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Music Review: Corb Lund – Losin’ Lately Gambler

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Corb Lund

Released on September 22, 2009, Losin’ Lately Gambler is Corb Lund’s sixth studio album on a major label. Backed by his impressively spot-on band, “The Hurtin’ Albertans,” this album marks another step in Lund’s career: an introduction to an American audience. Although Lund has an immense underground following, and even some Canadian country radio success, remarkably few people have ever heard of him. This is a tragedy that needs to be rectified.

Lund’s unique style, forged by a wide array of interests such as history, agriculture, and politics, makes his music and lyrics stand out amidst an endless sea of highly commercialized country pop. Corb Lund is not your typical country singer. Lund grew up on a farm/ranch (unlike the majority of modern country stars) in southern Alberta, before moving to Edmonton to study jazz and bass guitar. He was also a founding member of an indie punk/rock band called “The Smalls” (which gained local legend status), before moving ahead with his folk/alt country career.

Losin’ Lately Gambler begins with the song, “Horse Doctor, Come Quick.” An upright bass licks out the groove of the tune, and a banjo fills out the background. “Horse Doctor” is about a farm vet who finds himself accosted by a junkie who wants some cheap animal grade “drugs.” Immediately, one call tell this is no ordinary “country” album.

“Steer Rider’s Blues” starts out with a rock-a-billy beat and a 60s sounding guitar lick. This one’s about a lad whose dream is to ride a bucking bull, impress the ladies with his riding skills, and feel a thousand eyes all trained on him during a full-fledged rodeo.

“A Game in Town Like This” is the first of a handful of songs that have a slightly more mainstream approach on this album (though still musically and lyrically superior to most mainstream country), and was the first single to hit the airwaves. Since Losin’ Lately Gambler is the band’s first American release; it seems likely that compromises were made to produce some more radio friendly tunes.

“Alberta Says Hello” is a heartfelt song about passing a message on to an ex through a mutual friend. This one feels almost autobiographical, and was probably one of the harder songs for Lund to write. Generally, and thankfully, his albums tend to have very few “relationship songs.”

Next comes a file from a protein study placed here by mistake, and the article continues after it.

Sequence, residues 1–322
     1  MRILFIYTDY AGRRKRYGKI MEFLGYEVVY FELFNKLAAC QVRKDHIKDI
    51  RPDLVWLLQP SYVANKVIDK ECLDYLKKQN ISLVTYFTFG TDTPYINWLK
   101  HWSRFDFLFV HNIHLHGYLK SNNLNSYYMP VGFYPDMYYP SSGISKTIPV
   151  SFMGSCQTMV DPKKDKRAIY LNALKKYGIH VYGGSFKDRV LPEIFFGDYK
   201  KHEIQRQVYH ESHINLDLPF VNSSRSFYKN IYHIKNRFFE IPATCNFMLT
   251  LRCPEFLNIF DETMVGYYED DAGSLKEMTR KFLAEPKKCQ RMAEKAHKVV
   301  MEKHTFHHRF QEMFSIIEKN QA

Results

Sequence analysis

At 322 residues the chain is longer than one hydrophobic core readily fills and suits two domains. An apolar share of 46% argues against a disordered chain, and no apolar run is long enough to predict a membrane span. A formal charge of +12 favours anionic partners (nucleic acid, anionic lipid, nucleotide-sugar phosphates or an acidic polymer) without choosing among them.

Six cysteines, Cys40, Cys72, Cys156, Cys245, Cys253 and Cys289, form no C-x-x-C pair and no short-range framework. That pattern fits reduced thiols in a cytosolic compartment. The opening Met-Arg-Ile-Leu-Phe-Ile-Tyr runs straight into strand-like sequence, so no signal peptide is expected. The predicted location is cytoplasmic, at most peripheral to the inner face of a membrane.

“Talkin’ Veterinarian Blues” is a song influenced by ages old country/folk music. Take a look at any old Woody Guthrie album and you’ll find all sorts of “Talkin’ fill-in-the-blanks Blues.” Fortunately, Lund has thrown an updated spin on the Talkin’ Blues genre. This one’s a jaunty foot stomping tune about a veterinarian and his daily plights, as well as the plights of various farm animals and the procedures they have to endure. Even though the content is a tad on the grisly side, it somehow manages to make you laugh.

“It’s Hard to Keep a White Shirt Clean” is an homage to Willie P. Bennett, a Canadian Alt Country legend who passed away in 2008, while “Long Gone to Saskatchewan” touches on the monetary difficulties that Albertan’s can face when trying to operate a ranch and stay afloat, as well as the folks who pick up and leave to find cheaper places to operate. “Devil’s Best Dress” is a song in the style of Marty Robbins about a cold woman who doesn’t mind shooting anyone who gets on her bad side.

The album finishes with a fun-filled live version of “Rye Whiskey/Time to Switch to Whiskey.” Aside from a few mainstream sounding songs that feel a little out of sorts with Lund’s usual style, this is an incredible album.

Twice I’ve seen Corb Lund and the Hurtin’ Albertans play live, and both times they’ve simply blown me away. These guys are incredible at what they do, both in the studio and on stage. Nearly every song on every album that bears their name is superb. Their incredible range of musical styles and Lund’s impressive word play culminate into something that is much more than just a band. Everyone should give them a listen, at least once.

Personal Rating: 81/90 (90%)

Ratings Breakdown

1: Lyrics: 10/10
2: Significance: 9/10
3: Music: 10/10
4: Freshness: 9/10
5: Production Quality: 9/10
6: Composition: 8/10
7: Dynamic Range: 7/10
8: Humanity: 10/10
9: Cohesiveness: 9/10

 

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